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Current time:0:00Total duration:6:49

Video transcript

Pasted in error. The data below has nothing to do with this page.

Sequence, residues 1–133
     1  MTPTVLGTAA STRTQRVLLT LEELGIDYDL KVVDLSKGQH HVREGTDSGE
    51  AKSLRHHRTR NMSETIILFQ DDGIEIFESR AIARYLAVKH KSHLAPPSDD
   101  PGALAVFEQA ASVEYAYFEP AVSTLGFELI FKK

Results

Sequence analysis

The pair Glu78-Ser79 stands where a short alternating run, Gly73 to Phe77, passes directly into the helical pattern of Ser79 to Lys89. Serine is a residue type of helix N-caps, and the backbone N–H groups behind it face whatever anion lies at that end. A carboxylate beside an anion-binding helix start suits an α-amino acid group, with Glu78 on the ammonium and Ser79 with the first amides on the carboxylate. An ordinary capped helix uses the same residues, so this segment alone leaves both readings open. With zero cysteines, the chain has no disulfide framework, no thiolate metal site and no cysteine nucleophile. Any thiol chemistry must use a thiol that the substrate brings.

- Several videos ago, we introduced the idea of a Fourier series. That I could take a periodic function, we started with the example of this square wave, and that I could represent it as the sum of weighted sines and cosines. And then we took a little bit of an interlude of building up some of our mathematical foundations, just establishing a bunch of properties of taking the definite integral over the period of that periodic function of sine and cosines and we established all of these properties. And now we're going to get the benefit from establishing all those because we're going to start actually finding at least a formula for Fourier coefficients and then we can apply it to our original square wave to see that, hey, this could actually be a pretty straightforward thing. So right over here, I have rewritten a Fourier series expression, or I've rewritten a Fourier series for a periodic function f(t), let's say its period is 2π, and I'm going to use this in some of the properties that we have established to start solving for these actual coefficients. And what I'm gonna do in this video, I'm gonna first try to solve for a-sub-0 and then in the next video, we're gonna solve for an arbitrary a-sub-n. And either in that one or the next one, we'll also solve for an arbitrary b-sub-n. So to solve for a-sub-0, what we're going to do is take the definite integral of both sides from 0 to 2π. So 0 to 2π, dt of f(t), well that's gonna be the same thing as going from 0 to 2π of all of this stuff. And remember, this is an infinite series right over here, we have an infinite number of terms. And then we would have a dt out there. But we know from our integration properties, taking the definite integral of a sum, even an infinite sum, is the same thing as the sum of the definite integrals. So that's going to be the same thing as taking this integral, dt plus this integral. And I could take the scaler out. Actually, let me just not do that, let me just write it like this. 0 to 2π, dt. 0 to 2π, dt. 0 to 2π, dt. This is getting a little monotonous, but it'll be worth it. 0 to 2π, dt. 0 to 2π, dt. 0 to 2π, dt. And we'll do it for every single one of the terms. And now what's nice is, we can look at our integration properties. This right over here, we could take these coefficients out. We could take this a-sub-1, put it in front of the integral sign. The a-sub-2, put it in front of the integral sign. The b-sub-1, put it in front of the integral sign. And then all you're left with is an integral from 0 to 2π of cosine of some integer multiple of t, dt. Well, we established a couple of videos ago well, that's always going to be equal to 0. The integral from 0 to 2π of cosine of some non-zero integer multiple of t, dt, that is equal to 0. And then the same thing is true for a sine of mt. So, this is gonna be fun. This is gonna be 0, based on what we just saw. If you just take that factor out of that integral, take that a-sub-1 out of the integral, it's gonna be a-sub-1 times 0. This is gonna be a-sub-2 times 0, that's gonna be 0. That's gonna be 0, that's gonna be 0, that's gonna be 0. Every term's gonna be 0, except for this one involving a-sub-0. And so, what is this going to be equal to? Well, let me write it this way. Let's take the integral of, the definite integral. Let me see where I have some space. So we're gonna take the definite integral from 0 to 2π of a-sub-0 dt, well that's the same thing. Once again, we can take the coefficient out. And I can just put the dt like this and so that's going to be equal to a-sub-0 times t. Let me do that in magenta. Times t, evaluated at 2π and 0, which is going to be equal to a-sub-0 times 2π minus 0. Times 2π minus 0. Well, that's just 2π a-sub-0. So I could just write this a-sub-0 times 2π. So this expression right here is a-sub-0 times 2π. So let me scroll down a little bit. So I can rewrite this thing up here, the integral from 0 to 2π of f(t) dt which is equal to this integral. Well, we've just figured out that the integral from 0 to 2π of a-sub-0 dt is the same thing as a-sub-0 times 2π. Is equal to a-sub-0 times 2π. Times 2π. And so now, it's actually pretty straightforward to solve for a-sub-0. A-sub-0 is going to be equal to a-sub-0 is going to be equal to 1 over 2π, 1 over 2π times the definite integral from 0 to 2π, I'll just write the dt, of, let me write it a little bit, dt of f(t), oh I'll just write it like this. f(t) dt. And this is pretty cool because think about what this is. This over here, this is the average value of our function, this is the average value of f over the interval 0 to 2π. Average value of f over, over the interval, over we could say the interval from 0, the interval from 0 to 2π. And hopefully that actually makes intuitive sense. Because if I am, if you just think of it from an engineering point of view, if you were just trying to engineer this, trying to just play around with these numbers, you know all of these cosines and sines, they oscillate between positive 1 and negative 1. So in order to actually represent this function, you're gonna have to shift that oscillation. Sum of a bunch of oscillation is still gonna be an oscillation that's going to vary between positive 1 and our negative 1. And in order to shift it, well, that's what our a-sub-0 is going to do. And so what you, it makes sense that you would want to shift the oscillation so it oscillates around the average value of the function. Or you could say the average value of the function over, over an interval that's representative of a period of that function. And so that is what a-sub-0 is doing. A-sub-0 is just going to be that average value of the function.